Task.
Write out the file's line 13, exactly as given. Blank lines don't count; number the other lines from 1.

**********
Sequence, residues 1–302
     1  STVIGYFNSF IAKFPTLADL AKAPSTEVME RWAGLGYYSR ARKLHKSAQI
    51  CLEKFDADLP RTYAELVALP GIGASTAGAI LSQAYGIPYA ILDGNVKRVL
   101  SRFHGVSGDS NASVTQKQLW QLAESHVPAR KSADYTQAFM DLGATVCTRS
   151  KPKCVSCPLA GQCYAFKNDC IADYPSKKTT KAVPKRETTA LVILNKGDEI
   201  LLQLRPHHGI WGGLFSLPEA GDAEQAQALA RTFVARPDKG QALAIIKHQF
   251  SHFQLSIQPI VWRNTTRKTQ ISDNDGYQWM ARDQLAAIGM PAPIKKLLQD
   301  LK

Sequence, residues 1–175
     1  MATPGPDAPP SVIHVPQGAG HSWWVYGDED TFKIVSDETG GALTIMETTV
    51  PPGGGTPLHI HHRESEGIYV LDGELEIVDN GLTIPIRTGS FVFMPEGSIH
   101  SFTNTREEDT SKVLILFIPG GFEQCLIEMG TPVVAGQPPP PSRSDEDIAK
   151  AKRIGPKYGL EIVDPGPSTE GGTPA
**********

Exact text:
   151  AKRIGPKYGL EIVDPGPSTE GGTPA